GitHub Will Require All Code Contributors To Use 2FA

GitHub, the code hosting platform used by tens of millions of software developers around the world, announced today that all users who upload code to the site will need to enable one or more forms of two-factor authentication (2FA) by the end of 2023 in order to continue using the platform. The Verge reports: The new policy was announced Wednesday in a blog post by GitHub’s chief security officer (CSO) Mike Hanley, which highlighted the Microsoft-owned platform’s role in protecting the integrity of the software development process in the face of threats created by bad actors taking over developers’ accounts. “The software supply chain starts with the developer,” Hanley wrote. “Developer accounts are frequent targets for social engineering and account takeover, and protecting developers from these types of attacks is the first and most critical step toward securing the supply chain.”

Even though multi-factor authentication provides significant additional protection to online accounts, GitHub’s internal research shows that only around 16.5 percent of active users (roughly one in six) currently enable the enhanced security measures on their accounts — a surprisingly low figure given that the platform’s user base should be aware of the risks of password-only protection. By steering these users towards a higher minimum standard of account protection, GitHub hopes to boost the overall security of the software development community as a whole, Hanley told The Verge.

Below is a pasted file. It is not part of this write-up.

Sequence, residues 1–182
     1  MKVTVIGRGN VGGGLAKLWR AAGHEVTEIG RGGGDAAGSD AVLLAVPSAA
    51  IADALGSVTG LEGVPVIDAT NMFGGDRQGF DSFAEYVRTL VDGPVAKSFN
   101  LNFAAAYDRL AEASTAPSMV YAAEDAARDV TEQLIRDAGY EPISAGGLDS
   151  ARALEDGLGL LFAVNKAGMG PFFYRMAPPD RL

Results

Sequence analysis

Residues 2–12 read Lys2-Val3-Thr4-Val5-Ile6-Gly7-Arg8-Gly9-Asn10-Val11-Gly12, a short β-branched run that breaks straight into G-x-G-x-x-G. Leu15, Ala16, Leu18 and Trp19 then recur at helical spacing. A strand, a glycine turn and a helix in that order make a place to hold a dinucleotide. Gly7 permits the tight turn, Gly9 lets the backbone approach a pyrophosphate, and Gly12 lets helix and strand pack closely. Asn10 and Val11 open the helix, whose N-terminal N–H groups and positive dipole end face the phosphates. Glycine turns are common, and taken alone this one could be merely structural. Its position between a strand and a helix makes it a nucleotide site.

“GitHub is in a unique position here, just by virtue of the vast majority of open source and creator communities living on, that we can have a significant positive impact on the security of the overall ecosystem by raising the bar from a security hygiene perspective,” Hanley said. “We feel like it’s really one of the best ecosystem-wide benefits that we can provide, and we’re committed to making sure that we work through any of the challenges or obstacles to making sure that there’s successful adoption.”